Jane and I at the Terra Cotta Warriors.

It was nice getting out of the cold of Beijing by heading to Xi’an, home of the Terra cotta Soldiers.  We travelled by train in a sleeper car overnight that had 4 beds.  I can’t say I slept all that well, the thing shook and rattled all night and the china man in the lower bunk snored.  I contemplated whether it would be rude to poke an absolute stranger to get him to stop, but I didn’t.  We made it to Xi’an without really knowing anything about it.

Its a pretty large city actually, but for some reason I really felt quite comfortable there.  The general feeling was much more relaxed, and it probably helped that it wasn’t as cold.  We stayed in a place that was actually one of 4 apartments the people ‘rented’ out for backpackers.  It was a tremendous value, in Beijing we had been in a tiny space, this had several rooms including a kitchen and a bathroom without limited hotwater. 

Xi’an is a walled city that has outgrown its protective walls, with a population of around 6 million people, and a large amount of muslim chinese instead of Buddhist.  It has two large towers that it is known for, the Drum Tower and the Bell Tower.  These two towers are near identical, except one has drums on it and one has bells.  These were used for time keeping and informing the guards to open and close the gates at certain times.  When I went up in it, I paid a few dollars to ring the bell, Jane says that I probably scared the lady who was collecting money for it as I really rammed the log ram into the bell.  Im sure this is a tourist feature the locals ‘love’.  /sarcasm.

The Bell Tower at night.

Ringing the bell.

We visited the Terra cotta warriors, which were a ways outside of town.  I hadn’t realized/remembered that they were a pretty ‘recent’ discovery in the overall history of things.  They were discovered in 1974 by a farmer drilling a well, and the first showing of them occurred in 1979.  There are several hundred warriors uncovered, and many more that have not been excavated or have been reburried for the protection of their color.  You see, once they are dug up the color fades rather quickly until they are just plain old clay colored.  This was quite a site to see, we had seen quite a few tombs, and artifacts placed in tombs in Egypt, but we hadn’t seen a whole army.  The units were even placed in strategic positions to protect the sides of the army.  There are 4 different sites of warriors, the main infantry one is the one most commonly shown, as in these pictures as well.  Man of the warriors didn’t make it in one piece, our guide said that it takes an restorer 3 months to restore one warrior.  One of the sites isn’t excavated at all yet, and each site has different units in it.

Lines of Terra Cotta Soldiers.

Changing up the lines.

Their weapons have long since decayed.

Many lay in pieces, waiting to be exhumed and reassembled.

When we were back in Xi’an I signed us up for a Dumpling feast at a classic Han dance show.  The dumplings were tasty, but to be honest I could barely detect the differences with them.  I guess thats what you get when you dip them in Soy.  The dancing was interesting, as the ladies have long flowy arms that they twirl about.  The men did an ancient mask dance to scare away evil, halfway during the dance a giant head came down that must have represented evil.  It look  like Blanka from Street fighter to me.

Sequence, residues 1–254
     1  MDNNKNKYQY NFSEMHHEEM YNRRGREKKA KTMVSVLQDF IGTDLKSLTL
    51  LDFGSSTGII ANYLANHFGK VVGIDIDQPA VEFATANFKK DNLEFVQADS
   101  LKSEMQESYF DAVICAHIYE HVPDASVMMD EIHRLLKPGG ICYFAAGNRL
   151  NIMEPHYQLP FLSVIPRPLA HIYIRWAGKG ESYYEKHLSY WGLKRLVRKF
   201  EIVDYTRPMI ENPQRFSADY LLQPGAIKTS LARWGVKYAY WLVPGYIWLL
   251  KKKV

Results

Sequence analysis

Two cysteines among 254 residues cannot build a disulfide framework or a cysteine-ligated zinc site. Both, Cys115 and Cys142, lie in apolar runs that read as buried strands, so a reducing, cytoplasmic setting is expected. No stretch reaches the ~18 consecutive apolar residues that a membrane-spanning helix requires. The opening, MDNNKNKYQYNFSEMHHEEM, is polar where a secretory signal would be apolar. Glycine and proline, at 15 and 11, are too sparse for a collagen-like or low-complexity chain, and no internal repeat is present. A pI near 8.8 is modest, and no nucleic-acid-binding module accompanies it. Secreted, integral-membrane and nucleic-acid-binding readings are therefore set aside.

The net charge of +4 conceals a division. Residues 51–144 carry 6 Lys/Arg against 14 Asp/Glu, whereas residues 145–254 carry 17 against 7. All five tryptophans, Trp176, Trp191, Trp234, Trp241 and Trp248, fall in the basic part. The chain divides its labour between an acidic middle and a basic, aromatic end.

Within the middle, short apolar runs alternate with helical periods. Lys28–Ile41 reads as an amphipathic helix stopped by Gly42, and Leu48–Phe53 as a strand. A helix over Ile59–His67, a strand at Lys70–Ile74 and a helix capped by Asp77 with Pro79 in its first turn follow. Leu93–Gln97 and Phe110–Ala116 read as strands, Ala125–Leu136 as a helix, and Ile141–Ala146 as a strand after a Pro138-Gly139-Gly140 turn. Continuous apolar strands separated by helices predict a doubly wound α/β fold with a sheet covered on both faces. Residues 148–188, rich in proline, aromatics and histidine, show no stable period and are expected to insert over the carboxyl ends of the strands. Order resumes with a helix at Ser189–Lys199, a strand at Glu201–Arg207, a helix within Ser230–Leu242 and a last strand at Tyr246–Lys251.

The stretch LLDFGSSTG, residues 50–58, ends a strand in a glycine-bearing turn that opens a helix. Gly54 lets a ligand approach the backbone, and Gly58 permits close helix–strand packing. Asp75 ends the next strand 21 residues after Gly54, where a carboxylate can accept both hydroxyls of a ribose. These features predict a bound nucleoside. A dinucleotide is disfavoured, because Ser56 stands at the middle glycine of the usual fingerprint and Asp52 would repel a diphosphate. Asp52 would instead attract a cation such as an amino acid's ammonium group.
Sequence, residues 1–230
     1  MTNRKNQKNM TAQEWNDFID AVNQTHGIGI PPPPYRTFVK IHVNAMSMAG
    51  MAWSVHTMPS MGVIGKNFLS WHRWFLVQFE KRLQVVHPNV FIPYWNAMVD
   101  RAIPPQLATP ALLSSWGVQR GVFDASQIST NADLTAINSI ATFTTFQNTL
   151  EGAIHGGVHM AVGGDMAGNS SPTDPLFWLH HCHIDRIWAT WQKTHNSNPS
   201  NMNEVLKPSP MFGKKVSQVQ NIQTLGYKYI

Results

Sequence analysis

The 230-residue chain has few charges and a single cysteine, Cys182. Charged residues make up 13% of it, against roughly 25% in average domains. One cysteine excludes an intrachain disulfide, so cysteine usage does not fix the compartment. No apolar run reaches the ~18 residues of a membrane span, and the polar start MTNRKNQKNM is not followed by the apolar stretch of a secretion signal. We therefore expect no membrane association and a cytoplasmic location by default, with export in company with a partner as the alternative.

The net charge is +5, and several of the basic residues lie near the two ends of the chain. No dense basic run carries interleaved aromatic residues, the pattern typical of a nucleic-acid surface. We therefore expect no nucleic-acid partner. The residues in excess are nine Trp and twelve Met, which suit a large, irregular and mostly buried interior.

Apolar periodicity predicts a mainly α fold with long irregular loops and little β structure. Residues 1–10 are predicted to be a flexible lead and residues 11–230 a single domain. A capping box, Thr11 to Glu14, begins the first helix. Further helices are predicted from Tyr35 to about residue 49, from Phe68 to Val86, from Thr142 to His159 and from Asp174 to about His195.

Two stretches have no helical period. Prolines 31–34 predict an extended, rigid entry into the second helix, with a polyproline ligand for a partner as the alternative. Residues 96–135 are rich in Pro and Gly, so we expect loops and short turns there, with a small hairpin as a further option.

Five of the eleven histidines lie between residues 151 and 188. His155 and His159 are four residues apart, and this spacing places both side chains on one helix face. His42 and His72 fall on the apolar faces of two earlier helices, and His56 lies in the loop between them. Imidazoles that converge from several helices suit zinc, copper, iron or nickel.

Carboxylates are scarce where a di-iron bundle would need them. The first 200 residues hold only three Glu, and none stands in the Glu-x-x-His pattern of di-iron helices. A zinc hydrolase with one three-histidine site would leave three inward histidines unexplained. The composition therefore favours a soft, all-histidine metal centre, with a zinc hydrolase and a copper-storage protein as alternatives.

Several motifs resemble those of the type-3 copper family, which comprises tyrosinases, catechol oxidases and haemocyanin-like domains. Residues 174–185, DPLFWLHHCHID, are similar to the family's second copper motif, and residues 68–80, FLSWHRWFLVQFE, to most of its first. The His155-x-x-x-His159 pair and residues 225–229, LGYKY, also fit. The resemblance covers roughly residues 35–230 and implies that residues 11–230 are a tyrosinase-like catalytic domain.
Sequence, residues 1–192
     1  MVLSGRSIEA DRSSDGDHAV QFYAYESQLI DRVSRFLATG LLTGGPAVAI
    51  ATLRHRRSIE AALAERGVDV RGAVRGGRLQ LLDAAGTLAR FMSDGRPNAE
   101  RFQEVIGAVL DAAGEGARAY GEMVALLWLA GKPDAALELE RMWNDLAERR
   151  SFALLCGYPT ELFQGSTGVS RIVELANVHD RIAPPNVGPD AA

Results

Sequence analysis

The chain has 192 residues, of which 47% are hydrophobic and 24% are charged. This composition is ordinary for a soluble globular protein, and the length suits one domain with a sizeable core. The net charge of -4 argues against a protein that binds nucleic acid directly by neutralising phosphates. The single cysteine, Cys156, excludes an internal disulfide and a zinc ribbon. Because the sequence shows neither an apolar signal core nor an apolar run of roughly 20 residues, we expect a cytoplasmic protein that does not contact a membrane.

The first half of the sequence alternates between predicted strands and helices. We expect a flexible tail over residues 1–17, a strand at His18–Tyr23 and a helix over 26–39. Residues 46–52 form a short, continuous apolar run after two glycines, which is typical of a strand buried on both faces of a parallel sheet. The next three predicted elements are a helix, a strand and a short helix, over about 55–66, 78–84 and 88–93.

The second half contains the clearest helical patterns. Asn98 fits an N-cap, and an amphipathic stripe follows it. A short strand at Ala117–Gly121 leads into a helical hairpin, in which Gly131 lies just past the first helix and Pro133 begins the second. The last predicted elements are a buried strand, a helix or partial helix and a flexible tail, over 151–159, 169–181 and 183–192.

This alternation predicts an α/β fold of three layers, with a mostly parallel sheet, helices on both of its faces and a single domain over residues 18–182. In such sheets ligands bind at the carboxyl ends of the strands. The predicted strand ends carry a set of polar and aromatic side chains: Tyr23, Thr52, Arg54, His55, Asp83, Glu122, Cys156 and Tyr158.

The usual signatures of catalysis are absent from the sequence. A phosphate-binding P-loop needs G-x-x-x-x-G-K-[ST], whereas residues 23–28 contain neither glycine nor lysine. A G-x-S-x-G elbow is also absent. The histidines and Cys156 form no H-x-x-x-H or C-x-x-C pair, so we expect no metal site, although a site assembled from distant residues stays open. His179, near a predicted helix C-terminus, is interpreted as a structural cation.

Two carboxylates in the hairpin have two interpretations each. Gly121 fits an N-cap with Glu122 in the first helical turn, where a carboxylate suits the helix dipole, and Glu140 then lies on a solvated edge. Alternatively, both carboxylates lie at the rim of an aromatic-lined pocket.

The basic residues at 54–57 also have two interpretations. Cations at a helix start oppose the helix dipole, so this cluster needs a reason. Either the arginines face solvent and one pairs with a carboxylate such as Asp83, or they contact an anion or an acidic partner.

Plenty of Dumplings.

Long armed dancers.


The Night market that happens every night in the muslim area of town is awesome.  They push all these carts into the middle of the streets and cook all kinds of stuff and of course they sell things.  Jane bought several handbags after negotiating a reasonable price, I really don’t enjoy doing this bargaining.  I developed a formula that seems to work with the way they do it.   They start off by telling you what ‘the item is worth’, which is a total BS number, then they tell you what they are offering to you, because you are such a good customer.  You take this second number, and you multiply it by .3, thats a good price for the item.  Now you have to figure you have at least 4 back and forths over price, so if they offered you 100, you know you can get it for around 30.  That means you have to start off around 10 to get to thirty, because every time you adjust your price upward, they adjust theirs downward.

The Night market.

Im a big fan of the meat skewers and chinese pizza which come hot off the fire at the night market.  The chinese pizza, which is a bread that is cooked on a large flat iron surface that is stuffed with meat.  Is not a bun, definately more like a stuffed flatbread.  The spices they used were very flavorful and different depending on the different stuffing.  The beef was the best, followed by lamb.  Jane ordered some crazy soup that had plenty of heat in it as well.

Glorious MEAT!

Jane prefers the mystery soup.

Speaking of pizza, the Pizza Huts over here are a completely bizarre experience.  A person greets you at the door, and takes you to a seat like its some high class place.  At one location, and there are many locations… there was a waiting line to get in!  I guess its better than the KFCs that are around every corner or the Mc Donalds that are every couple blocks.  It is seriously strange about the KFCs, they are everywhere.  We have seen them from a remote town such as Bergville(in South Africa) to as soon as you get off the train in Xi’an… they even serve rice and tea!  And No, I haven’t eatten there yet.

Uh.... What?